7. In any case, adding a few more publications to peer-reviewed journals to my C.V. should be helpful if I ever decide to go back for another degree.

  8. “I simply doubt whether the current system it is a friend of thinking.”

    This was a bit of an oversight on my part – I meant this comment to be restricted specifically to the discourse of philosophy. Whether or not journals are convivial to thinking in other departments is a matter on which I do not wish to make any suggestions.

  9. In fast moving fields – like, say, materials engineering or medicine – I can see why journals are a critical form of knowledge distribution.

  10. Tristan, how would you like to see the product of your work being offered to fellow academics and the general public? I understand the limitations of journal articles but find it hard to imagine other alternative apart from books and conferences.

    Milan, congratulation! I am currently writing an article with one of my previous prof and it’s a very painful process.

  11. “I understand the limitations of journal articles but find it hard to imagine other alternative apart from books and conferences.”

    Are books and conferences inadequate in some way?

  12. Conferences require a lot of travel and are generally only accessible to a very small number of people. Any undergraduate can get a hold of journal articles.

  13. Again,

    I was trying to restrict my comments to the field of philosophy, I simply don’t know enough about other fields to say what effect the hegemony of journal publishing has had their thinking.

    Conferences are held at pretty much every university, so they are only a travel problem if you need to go to specific ones. I find the more useful things at conferences were hearing things you weren’t expecting to find interesting – but this might be specific to philosophy because of the way thinking spreads and connects across sub disciplinary boundaries.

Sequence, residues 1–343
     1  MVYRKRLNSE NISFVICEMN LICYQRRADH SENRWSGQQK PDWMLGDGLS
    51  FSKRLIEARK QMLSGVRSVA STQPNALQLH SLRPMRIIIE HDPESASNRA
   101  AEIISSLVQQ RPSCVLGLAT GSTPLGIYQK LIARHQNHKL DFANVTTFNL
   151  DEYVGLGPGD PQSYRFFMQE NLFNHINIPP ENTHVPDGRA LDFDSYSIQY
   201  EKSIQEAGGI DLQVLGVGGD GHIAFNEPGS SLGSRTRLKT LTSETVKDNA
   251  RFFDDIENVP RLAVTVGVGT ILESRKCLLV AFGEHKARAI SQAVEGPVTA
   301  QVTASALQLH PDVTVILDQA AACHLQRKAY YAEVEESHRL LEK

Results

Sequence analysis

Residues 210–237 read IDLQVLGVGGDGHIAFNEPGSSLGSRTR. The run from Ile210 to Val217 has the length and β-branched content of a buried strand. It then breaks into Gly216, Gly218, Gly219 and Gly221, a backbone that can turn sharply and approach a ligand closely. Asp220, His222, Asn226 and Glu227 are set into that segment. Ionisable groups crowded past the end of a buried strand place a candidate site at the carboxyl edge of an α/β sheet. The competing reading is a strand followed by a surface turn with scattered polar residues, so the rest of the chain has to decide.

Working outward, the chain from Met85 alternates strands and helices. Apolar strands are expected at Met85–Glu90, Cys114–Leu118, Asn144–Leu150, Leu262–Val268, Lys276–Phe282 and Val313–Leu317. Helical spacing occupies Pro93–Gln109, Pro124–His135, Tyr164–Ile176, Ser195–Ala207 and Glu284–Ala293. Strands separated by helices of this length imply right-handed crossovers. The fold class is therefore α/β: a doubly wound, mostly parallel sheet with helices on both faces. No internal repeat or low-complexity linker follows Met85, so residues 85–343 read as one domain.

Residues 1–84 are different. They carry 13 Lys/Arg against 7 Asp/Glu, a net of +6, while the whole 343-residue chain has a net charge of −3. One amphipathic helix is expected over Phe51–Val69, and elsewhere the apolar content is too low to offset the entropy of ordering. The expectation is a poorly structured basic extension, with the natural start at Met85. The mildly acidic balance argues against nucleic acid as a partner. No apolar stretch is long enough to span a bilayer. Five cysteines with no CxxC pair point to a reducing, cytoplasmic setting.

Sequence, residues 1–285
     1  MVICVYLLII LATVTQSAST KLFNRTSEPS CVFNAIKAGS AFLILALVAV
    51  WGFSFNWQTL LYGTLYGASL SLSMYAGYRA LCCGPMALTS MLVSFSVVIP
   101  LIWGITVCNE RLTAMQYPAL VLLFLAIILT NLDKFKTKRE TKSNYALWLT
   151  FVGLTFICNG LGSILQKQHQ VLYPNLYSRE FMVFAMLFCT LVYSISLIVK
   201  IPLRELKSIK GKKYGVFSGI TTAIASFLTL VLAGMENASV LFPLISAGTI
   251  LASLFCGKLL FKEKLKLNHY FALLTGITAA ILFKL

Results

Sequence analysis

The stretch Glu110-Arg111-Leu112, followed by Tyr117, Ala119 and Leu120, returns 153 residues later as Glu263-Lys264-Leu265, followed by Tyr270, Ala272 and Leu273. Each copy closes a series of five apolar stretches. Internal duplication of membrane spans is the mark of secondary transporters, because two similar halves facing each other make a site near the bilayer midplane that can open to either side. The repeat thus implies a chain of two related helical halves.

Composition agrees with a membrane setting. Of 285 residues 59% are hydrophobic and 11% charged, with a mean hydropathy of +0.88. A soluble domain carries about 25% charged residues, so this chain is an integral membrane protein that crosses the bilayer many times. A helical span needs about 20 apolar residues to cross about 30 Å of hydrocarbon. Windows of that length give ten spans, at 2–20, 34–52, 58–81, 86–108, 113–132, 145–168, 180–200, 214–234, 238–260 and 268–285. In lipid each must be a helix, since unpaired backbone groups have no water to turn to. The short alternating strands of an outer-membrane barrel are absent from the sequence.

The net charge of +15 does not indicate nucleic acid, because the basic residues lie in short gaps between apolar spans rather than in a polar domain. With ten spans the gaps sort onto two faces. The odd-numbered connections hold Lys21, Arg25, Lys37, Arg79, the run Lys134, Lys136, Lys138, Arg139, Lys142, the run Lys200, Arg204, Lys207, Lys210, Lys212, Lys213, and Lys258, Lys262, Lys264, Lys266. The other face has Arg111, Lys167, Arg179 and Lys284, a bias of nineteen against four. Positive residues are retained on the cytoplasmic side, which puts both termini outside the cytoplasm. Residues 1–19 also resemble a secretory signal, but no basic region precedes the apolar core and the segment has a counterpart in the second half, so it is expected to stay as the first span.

Any undergrad can get a hold of a journal article, but any undergrad can also get a hold of a book. The advantage of a book is that it doesn’t have to spend half of its word count explaining its own situatedness in a discussion. The best journal articles in philosophy are those which don’t pretend to be understandable as stand-alones, like Davidson, or Derrida, McDowell, etc.. and these are therefore pretty accessible to anyone other than either experts or people becoming experts.

  14. The problem with conferences is that they have serious limitations in time and space: you have to be there to get anything out of it.

    The problem with books is that they are generally not peer-reviewed and that they are generally not funded by government and philanthropic organizations making them subject to market imperatives.

  15. “The advantage of a book is that it doesn’t have to spend half of its word count explaining its own situatedness in a discussion.”

    Could you explain why this is problematic?

  16. Another issue is citations.

    The number of times an article is cited in other works (including books) is a good measure of its importance. Google Scholar illustrates the use of this very well.

    Conference presentations aren’t incorporated into a web of knowledge in the same way. That might be fine for very small disciplines – like the early Irish history a friend of mine and a dozen other people worldwide work on – but it doesn’t seem well suited to big fields, or issues that will be of interest for decades.

  17. In philosophy at least, a book isn’t good because it’s cited a lot. It’s good because it’s good. Whether people like it or not, whether it gets good reviews, etc, is contingent. Hume’s “Inquiry” didn’t get good reviews when it came out, it “fell stillborn from the press” – should potential readers have read other things on this basis?

    I’m not saying that in some places this “web of knowledge” created by journals isn’t beneficial – I’m just saying that in philosophy, it guarentees people are constantly distracted by tiny “in vogue” problems which tend to turn thinking into a kind of parlour game where the prize is SSHRC research grants.